To help ensure that the construction of the Project met rigorous international standards, Panels of Experts ( PoE) were established to assist in the design and monitoring of the project’s construction components including its environmental and social components. The World Bank Missions (Mission) also played a major role in supervising activities to ensure compliance to agreed schedules. The Mission and the PoE came two times a year for on-site inspections of the works for adherence to policies, procedures, standards and processes agreed upon.
of the Environmental and Social Impacts for effective implementation of
Management of the environment during operation of the reservoirs has evolved to engaging communities to taking ownership of preservation and conservation of the natural environment. This is done through the following strategies:
a) Lesotho Biodiversity Trust Fund for protection and conservation of the Maluti Minnow ( Pseudobarbus quathlambae). It is classified as a critically endangered species and the entire world distribution is restricted only to the Lesotho Highlands.
b) Katse Botanical Garden for preservation and propagation of highlands flora- an education cum ecotourism venture.
c) Highlands Natural Resources & Rural Enhancement Project funded by the African Development Bank (AfDB)- The programme is an Eco-tourism business venture where local communities partake through various ways: growing vegetables for the hospitality institutions, engaging in being tour guides, accompanying fellows for the tourits when they travel deeper into the highlands areas, engaging in small handicrafts business ventures, providing house accommodation, horses and donkeys (asses), thus earning a living whilst taking care of preservation and conservation of the natural resources and safeguarding the tourists.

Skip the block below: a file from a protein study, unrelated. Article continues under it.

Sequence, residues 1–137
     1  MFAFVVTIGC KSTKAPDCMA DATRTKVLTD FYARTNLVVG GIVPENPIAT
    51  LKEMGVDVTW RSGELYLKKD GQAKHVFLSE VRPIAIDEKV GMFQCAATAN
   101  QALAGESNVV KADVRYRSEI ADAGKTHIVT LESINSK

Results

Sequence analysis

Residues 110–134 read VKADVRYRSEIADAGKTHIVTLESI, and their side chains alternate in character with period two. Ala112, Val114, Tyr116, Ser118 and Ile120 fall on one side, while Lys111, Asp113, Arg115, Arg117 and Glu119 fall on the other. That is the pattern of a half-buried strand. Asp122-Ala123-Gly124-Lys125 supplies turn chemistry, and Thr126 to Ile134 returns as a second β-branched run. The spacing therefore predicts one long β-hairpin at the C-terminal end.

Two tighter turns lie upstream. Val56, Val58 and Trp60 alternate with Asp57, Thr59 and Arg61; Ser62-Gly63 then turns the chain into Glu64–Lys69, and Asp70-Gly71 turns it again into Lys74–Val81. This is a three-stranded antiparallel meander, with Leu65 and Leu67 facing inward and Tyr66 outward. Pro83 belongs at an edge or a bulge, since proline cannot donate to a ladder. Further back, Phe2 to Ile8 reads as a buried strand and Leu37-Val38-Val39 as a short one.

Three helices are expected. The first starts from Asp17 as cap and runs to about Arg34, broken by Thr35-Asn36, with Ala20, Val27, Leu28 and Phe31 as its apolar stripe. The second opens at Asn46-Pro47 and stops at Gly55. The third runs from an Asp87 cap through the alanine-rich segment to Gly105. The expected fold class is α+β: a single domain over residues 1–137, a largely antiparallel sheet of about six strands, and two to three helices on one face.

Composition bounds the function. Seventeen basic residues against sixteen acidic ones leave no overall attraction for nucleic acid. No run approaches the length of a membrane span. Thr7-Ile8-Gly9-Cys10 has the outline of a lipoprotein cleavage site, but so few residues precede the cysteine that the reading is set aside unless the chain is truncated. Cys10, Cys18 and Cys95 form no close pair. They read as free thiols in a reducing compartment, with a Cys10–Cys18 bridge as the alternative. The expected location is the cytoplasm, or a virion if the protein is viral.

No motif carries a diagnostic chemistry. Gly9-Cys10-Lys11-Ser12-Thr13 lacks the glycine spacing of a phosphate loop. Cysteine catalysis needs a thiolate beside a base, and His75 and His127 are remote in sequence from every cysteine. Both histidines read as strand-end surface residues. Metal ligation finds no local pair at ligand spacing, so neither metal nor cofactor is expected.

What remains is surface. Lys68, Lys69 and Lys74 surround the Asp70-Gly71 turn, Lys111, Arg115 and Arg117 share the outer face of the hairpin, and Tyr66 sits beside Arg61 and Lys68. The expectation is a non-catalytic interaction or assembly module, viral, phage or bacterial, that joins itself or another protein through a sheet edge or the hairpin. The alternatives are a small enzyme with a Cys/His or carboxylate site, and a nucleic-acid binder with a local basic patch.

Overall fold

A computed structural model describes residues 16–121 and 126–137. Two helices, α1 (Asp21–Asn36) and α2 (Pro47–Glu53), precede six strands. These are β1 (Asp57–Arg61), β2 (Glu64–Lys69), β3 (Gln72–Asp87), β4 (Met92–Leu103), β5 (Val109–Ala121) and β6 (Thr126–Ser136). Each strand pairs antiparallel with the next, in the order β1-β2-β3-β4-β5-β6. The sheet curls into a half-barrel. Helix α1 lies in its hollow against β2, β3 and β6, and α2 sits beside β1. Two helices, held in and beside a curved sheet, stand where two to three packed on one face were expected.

Two categories of the NGOs had evolved over time from the LHDA-NGO relationship.
In 2002, a working partnership was established between the Lesotho Council of non-governmental organization, LCN-NGO. This is the umbrella body of NGOs in Lesotho. The partnership was over implementing selected aspects of the EAP. There were those NGOs who were committed to advocacy in the implementation of the LHWP. They expressed their wish to participate in furthering the intentions of the EAP. Nine such NGOs received funding to the tune of M3,2million to carry out implementation of aspects of the EAP ranging from Water Safety, Agricultural work, Birth Control, Substance abuse and management, Credit Management. These NGOs supported initiatives of the LHDA.
The other category opted to play a critique role in the EAP implementation. The Transformation Resource Centre (TRC), opted to monitor the LHDA in its effort to implement the LHWP. The situation has since remained.
Cleaning of the Reservoir Area
was only done minimally and particularly in respect of Katse reservoir.
Many of the trees that were in the basin floor were felled away,
addressing both possible eutrophication effects as well creating safe
passage for boating escapades
in the future. The grass along the edges of the river was not attended to.
In the case of Mohale dam, no cleaning of the reservoir area was effected.
silt load monitoring exercise is undertaken at least once in every two
years, to establish possible undesirable impacts silt loading in the
reservoirs. The results would indicate possibilities of dredging-thus
cleaning effect. It is also envisaged that the Reservoir Zoning strategy
under the Integrated Catchment Management exercise will address unwanted
possible ingress into the reservoirs.
Results from the regular monitoring of the water quality and the silt loading will serve as useful input into contemplating modalities and timing of possible decommissioning of the LHWP reservoirs.
Rehabilitation of the Infrastructure
Regras sing of slopes and spoil dumps, gabioning of cut slopes were effectively and efficiently undertaken in all project sites. The POE have also awarded a satisfactory rating to the works.